T-Mobile data breach news

T-Mobile data breach news

T-Mobile data breach news

T-Mobile data breach news : Mobile operator T-Mobile, the second largest in the US since Q2 2021, appears to have suffered a devastating data breach as 100 million reported records have already been sold on a black web forum. Customer information is almost as empathetic as possible, and Vice’s Motherboard magazine confirms that its sample contained accurate Social Security numbers and driver’s license numbers among other pieces of personal information.

At the moment T-Mobile is still investigating data breaches and still has to fully verify personal information, but independent reporting shows that customers need to take action now and take precautionary measures. As of Q2 2021 the company was estimated to have approximately 104 million customers, so this data breach seems to affect almost everyone who subscribes to its service.
T-Mobile released an update on the morning of August 18 confirming that at least 47 million of its customers were affected, including those who had not registered. The company has so far issued a “preliminary analysis” but has confirmed at this time that at least 7.8 million T-Mobile paid customers may have detailed personal information, such as Social Security and driver’s license numbers, disclosed in violation data. It states that an additional 40 million customers had disclosed the records but the customer details did not include much in the way of personal information. It also ensured that at least 850,000 active T-Mobile customers were exposed to their account PINs in addition to their names and phone numbers.

The company said it was considering “more details” and that there could be “more collisions to come.” Jack Chapman, VP of Threat Intelligence at Egress, outlined some of the threats T-Mobile’s customers could expect: For this reason, I would urge any customers affected by this violation to be aware of any unexpected communications they may receive now, whether this is by email, text message or telephone. Subsequent attacks can use the information obtained through these data breaches to trick people into sharing personal information that can be used for identity theft and financial fraud. ”

And Trevor Morgan, product manager with comforte AG, suggested steps that T-Mobile could (or at least do): “For T-Mobile, the situation raises private concerns and questions about the level of diligence they have put in to prevent data breach and data leaks – the result , depending on the facts, you can incur fines, legal action, and reputation damage … A typical business, however, has the opportunity to learn from this. T-Mobile is an international company with sufficient resources to prevent such incidents, but the fact of the matter is that hacks and breaches are unavoidable even in the most well-protected business. Defensive measures such as protecting perimeters around the data are not deceptive evidence, and a determined threat may always find ways to avoid this type of data security. It’s best to investigate data security that protects the data itself rather than the surrounding boundaries. Methods such as token processing convert sensitive data objects into representative tokens, rendering any stolen data useless. Learning about the T-Mobile incident and deciding how data security can increase your security standing can be a great phone call. ”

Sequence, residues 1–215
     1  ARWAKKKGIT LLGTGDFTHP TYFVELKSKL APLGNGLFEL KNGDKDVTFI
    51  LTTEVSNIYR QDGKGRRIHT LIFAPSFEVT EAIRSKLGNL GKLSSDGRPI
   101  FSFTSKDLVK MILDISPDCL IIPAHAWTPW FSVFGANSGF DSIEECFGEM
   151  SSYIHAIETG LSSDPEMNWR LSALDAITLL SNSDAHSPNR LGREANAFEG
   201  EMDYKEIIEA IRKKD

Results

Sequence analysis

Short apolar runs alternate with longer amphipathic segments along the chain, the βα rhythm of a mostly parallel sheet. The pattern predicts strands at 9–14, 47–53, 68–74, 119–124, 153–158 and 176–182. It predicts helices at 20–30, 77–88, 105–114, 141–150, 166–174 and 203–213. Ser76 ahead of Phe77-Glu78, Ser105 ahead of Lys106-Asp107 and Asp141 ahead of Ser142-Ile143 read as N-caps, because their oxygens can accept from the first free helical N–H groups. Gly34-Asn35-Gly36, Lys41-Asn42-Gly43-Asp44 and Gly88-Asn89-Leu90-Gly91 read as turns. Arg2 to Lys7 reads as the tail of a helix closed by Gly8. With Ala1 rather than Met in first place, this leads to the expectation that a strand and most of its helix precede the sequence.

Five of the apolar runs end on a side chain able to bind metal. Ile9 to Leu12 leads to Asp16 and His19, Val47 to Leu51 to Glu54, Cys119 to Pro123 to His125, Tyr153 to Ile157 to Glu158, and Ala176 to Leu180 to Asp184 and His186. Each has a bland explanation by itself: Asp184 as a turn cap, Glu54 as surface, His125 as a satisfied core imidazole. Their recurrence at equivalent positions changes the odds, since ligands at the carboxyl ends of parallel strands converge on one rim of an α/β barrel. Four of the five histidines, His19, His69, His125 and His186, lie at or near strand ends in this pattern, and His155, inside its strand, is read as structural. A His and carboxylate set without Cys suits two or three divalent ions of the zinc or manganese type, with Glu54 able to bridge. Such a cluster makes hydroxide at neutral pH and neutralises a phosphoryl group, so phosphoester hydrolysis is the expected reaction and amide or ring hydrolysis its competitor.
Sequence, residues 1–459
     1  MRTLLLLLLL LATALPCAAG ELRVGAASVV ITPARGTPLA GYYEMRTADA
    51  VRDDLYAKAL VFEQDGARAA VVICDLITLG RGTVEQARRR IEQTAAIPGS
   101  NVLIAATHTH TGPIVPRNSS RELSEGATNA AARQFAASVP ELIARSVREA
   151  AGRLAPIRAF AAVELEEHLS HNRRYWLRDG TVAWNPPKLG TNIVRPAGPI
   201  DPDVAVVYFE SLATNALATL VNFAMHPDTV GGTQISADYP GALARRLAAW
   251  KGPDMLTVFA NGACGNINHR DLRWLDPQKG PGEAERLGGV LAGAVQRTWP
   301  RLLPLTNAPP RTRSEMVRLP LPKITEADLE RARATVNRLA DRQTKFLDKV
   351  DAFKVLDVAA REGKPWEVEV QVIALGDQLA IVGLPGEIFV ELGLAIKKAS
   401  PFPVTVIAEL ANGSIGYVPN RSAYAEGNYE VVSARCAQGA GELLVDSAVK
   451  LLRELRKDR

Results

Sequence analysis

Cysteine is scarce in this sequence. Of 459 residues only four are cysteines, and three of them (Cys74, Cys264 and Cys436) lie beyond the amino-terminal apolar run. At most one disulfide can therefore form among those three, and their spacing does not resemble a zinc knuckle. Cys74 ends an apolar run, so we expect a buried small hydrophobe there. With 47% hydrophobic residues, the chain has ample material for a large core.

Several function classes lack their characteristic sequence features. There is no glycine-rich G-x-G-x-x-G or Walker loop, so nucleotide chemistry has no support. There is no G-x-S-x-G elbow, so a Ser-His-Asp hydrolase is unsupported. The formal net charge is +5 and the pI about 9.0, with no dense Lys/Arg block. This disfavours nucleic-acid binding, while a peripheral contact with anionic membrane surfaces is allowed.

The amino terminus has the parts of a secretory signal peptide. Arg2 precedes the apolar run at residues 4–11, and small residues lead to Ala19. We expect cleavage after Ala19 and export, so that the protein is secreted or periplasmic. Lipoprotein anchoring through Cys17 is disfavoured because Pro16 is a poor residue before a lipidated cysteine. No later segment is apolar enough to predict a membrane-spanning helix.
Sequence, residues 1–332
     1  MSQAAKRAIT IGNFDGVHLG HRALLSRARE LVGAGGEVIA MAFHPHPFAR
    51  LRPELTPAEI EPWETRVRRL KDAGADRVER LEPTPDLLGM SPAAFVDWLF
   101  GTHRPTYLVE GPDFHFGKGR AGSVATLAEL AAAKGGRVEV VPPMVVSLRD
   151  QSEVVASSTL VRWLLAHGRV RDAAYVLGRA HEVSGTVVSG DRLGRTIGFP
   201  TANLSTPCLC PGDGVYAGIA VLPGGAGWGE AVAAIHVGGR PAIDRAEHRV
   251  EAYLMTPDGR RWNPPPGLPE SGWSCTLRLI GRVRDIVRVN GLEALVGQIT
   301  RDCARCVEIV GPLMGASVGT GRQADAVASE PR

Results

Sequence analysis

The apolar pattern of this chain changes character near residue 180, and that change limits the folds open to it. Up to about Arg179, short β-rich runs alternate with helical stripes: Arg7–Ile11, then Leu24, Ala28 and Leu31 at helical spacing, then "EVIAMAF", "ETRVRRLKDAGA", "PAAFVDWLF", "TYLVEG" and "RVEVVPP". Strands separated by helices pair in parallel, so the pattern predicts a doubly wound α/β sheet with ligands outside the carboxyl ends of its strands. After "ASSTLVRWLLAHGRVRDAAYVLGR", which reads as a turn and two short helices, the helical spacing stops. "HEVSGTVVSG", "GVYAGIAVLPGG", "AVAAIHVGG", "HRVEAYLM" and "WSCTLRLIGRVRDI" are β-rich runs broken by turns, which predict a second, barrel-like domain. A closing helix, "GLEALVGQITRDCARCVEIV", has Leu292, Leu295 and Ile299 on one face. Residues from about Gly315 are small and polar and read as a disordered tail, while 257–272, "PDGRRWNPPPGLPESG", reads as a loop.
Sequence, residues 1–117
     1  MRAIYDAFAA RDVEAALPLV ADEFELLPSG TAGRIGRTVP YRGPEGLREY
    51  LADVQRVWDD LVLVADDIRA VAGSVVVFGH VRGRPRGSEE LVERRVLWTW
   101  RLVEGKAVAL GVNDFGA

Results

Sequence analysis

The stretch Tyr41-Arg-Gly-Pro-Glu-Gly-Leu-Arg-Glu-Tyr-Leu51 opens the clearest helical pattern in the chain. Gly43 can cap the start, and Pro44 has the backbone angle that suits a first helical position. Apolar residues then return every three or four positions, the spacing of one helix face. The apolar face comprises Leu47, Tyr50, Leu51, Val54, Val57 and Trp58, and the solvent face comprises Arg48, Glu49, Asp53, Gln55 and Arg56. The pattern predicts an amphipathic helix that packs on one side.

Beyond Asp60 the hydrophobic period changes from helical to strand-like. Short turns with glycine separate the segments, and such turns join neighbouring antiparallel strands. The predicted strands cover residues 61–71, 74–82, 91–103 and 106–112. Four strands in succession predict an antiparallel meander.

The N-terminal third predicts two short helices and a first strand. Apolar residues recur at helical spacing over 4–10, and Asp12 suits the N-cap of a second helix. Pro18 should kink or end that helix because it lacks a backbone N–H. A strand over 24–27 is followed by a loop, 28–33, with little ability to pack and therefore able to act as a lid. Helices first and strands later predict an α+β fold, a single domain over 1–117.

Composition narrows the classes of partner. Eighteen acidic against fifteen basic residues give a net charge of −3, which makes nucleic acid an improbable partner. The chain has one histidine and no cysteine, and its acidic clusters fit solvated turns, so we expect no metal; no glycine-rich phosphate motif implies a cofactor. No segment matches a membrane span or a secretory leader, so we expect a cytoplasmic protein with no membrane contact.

Harmful loss of customer data

Data breaches were first reported by Motherboard on Sunday, as a reporter received a black web forum message providing details of T-Mobile customers being sold. The actual post provided Social Security numbers, phone numbers, full names, location addresses, unique IMEI device numbers, and driver’s license numbers, and a motherboard that ensured that the available sample had accurate information for known T-Mobile customers.

The seller initially provided accounts containing all of this information, which may have been as low as the $ 7.8 million guaranteed by T-Mobile, at a price of 6 bitcoin (about $ 270,000). The vendor has indicated that they will make the remaining data available in the future.

While the source of the crime is unknown, interviews with the vendor indicate that there was some sort of internal intrusion on the T-Mobile servers they received. The vendor said the back door was closed after creating the listing, but that they removed all the data and made multiple backups with it. T-Mobile only states that it is confident that the security hole used for access to information has been closed.

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